There's a bill sitting on Illinois Gov. Pat Quinn's desk intended to change how the state's hospitals charity care provisions are calculated. It's an impressive achievement. Not the bill itself, but the fact that Quinn's desk hasn't collapsed under its weight.
The first 44 pages of text pertain to levying a new $1-a-pack cigarette tax to try and close a gap in the state's Medicaid budget. In California, voters just turned down a ballot proposition to raise the tobacco tax to fund cancer research. That proposition was five pages long. Its opponents successfully argued that approving the tax would create an incomprehensible bureaucracy.
I've pored over the entire 2,000-plus pages of the Patient Protection and Affordable Care Act. Put it alongside the Illinois bill and it reads like "Goodnight Moon." And I know from long experience that nearly incomprehensible legislation gets conjured up not because its authors are illiterate. It's because they're trying to hide something.
The charity care provisions of the bill are meant to provide dollar-for-dollar offsets against property tax exemptions not-for-profit providers in Illinois enjoy. Many industry observers say the Illinois bill could serve as a nationwide blueprint for other hospitals falling short on their charity care obligations. However, it's more like a terrific linguistic design for a colander or sieve. Here's why:
• Hospitals could make in-kind or financial contributions to their own affiliated facilities or another provider to offset the tax burden.
• Hospitals could make donations of any sort of supply to offset the tax burden.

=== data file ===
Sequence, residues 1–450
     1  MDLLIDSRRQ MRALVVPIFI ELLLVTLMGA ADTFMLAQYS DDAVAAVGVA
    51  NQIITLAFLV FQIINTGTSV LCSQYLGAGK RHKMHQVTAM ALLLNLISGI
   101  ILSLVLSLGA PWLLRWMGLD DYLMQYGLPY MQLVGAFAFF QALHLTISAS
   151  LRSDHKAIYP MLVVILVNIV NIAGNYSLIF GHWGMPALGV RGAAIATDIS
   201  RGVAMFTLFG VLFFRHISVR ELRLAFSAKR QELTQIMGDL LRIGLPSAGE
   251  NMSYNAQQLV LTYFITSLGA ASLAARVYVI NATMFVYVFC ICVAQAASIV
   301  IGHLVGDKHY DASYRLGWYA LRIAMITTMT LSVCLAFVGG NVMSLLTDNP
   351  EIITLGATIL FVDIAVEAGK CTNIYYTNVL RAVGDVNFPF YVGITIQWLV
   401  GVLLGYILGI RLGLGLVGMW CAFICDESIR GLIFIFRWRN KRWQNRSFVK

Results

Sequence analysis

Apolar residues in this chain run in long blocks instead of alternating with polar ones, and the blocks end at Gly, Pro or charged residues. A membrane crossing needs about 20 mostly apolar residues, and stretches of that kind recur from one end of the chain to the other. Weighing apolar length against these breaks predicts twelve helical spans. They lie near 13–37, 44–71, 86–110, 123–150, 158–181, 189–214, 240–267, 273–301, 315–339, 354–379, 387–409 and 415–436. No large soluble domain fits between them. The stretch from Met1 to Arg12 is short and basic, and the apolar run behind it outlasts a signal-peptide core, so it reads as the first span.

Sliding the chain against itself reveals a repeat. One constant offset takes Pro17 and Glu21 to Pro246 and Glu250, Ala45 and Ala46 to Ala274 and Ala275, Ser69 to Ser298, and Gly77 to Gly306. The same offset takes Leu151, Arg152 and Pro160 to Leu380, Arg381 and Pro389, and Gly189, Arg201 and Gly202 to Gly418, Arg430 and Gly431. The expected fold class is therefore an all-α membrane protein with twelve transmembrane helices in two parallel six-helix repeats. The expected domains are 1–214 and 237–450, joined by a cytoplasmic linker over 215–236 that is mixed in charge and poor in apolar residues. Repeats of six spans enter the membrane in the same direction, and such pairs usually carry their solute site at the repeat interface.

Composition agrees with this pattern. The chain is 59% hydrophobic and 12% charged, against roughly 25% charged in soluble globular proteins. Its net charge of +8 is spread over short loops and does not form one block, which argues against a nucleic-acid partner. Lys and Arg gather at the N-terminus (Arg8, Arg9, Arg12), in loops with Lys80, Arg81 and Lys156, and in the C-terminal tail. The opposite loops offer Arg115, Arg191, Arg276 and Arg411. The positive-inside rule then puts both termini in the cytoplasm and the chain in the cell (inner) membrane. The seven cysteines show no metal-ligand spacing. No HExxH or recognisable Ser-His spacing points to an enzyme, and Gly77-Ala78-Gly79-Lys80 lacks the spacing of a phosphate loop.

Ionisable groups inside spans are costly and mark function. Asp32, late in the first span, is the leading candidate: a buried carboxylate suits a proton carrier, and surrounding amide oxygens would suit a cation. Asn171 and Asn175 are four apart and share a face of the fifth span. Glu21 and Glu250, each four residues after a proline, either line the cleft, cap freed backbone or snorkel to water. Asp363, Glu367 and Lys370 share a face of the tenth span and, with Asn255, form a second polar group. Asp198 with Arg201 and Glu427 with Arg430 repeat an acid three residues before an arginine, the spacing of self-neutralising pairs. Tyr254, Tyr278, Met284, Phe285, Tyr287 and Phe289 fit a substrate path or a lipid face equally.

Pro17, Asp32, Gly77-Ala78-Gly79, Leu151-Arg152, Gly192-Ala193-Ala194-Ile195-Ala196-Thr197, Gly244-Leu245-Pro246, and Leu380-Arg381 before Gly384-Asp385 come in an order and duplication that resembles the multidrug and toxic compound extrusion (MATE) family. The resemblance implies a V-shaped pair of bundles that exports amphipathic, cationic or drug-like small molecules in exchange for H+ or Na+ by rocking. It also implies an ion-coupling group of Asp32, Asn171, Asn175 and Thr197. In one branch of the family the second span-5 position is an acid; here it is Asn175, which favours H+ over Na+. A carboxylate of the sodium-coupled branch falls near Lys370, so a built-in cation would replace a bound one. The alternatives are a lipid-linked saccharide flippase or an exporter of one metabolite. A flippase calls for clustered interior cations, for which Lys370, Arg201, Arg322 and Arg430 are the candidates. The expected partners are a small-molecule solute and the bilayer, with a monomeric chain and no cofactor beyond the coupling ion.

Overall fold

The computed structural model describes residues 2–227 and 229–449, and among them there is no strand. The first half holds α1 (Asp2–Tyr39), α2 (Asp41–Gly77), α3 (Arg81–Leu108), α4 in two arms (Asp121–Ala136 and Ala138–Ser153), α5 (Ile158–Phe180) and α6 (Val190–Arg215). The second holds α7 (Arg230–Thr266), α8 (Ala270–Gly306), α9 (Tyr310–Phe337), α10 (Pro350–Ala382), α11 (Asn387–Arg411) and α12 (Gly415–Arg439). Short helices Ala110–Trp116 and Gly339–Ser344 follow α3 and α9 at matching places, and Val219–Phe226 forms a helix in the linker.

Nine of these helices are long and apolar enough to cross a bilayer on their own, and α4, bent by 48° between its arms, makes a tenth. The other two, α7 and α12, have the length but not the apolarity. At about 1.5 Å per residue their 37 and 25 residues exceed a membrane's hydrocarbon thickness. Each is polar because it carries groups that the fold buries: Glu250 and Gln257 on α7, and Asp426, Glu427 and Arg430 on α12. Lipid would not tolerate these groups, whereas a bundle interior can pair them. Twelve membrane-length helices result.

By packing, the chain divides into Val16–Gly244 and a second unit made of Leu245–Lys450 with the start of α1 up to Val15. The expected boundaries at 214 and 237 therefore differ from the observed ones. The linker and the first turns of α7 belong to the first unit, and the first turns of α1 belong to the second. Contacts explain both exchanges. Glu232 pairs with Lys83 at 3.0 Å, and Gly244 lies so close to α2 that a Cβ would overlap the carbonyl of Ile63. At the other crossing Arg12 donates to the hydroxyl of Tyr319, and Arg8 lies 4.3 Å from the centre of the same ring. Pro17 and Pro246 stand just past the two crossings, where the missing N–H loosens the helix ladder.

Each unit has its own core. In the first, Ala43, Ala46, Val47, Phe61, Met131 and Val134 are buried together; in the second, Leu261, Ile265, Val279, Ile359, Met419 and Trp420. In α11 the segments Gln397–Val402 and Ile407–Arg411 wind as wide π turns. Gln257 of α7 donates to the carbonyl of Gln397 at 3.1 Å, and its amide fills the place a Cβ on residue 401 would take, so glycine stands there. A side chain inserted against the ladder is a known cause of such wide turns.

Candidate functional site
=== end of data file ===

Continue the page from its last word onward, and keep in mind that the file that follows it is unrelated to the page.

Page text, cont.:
• Hospitals could argue that any effort they make in terms of community outreach or education could be used to offset the tax burden.
• For-profit hospitals could use charity care to offset their property tax burden.
• For the purpose of tax assessment, the hospital buildings could be depreciated based on age. If they're more than 40 years old, they are essentially deemed worthless for tax purposes.
My house celebrates its 52nd birthday this year. I suspect asking for a tax exemption based on its age would receive a less than amused response.
Then again, there's little to find amusing in a bill that pumps steroids into every sleight-of-hand hospitals use to make it seem they're generous with uninsured patients.
That the Illinois Hospital Association (IHA) all but crammed copies of this bill into the lapels of every lawmaker in the Land of Lincoln suggests I'm not off base. Even Bloomberg BusinessWeek--not exactly a province of liberalism--blasted the IHA's tactics in getting this bill passed. It included radio commercials suggesting children would drop dead because hospitals would be forced to close.
Despite the IHA's questionable conduct, it secured for its members exactly what they wanted. After Provena Health and a handful of other facilities lost their tax exemptions in recent years, they had no choice: Either spend more on charity care, or get the regulators off their backs. One is easier and cheaper--a lot cheaper.
Quinn said he intends to sign the bill. Assuming his desk hasn't yet pinned his knees, he should read it all the way through. It will certainly leave him confused and will likely make him angry--just like every one of his uninsured constituents who has ever received a staggering hospital bill. - Ron (@FierceHealth)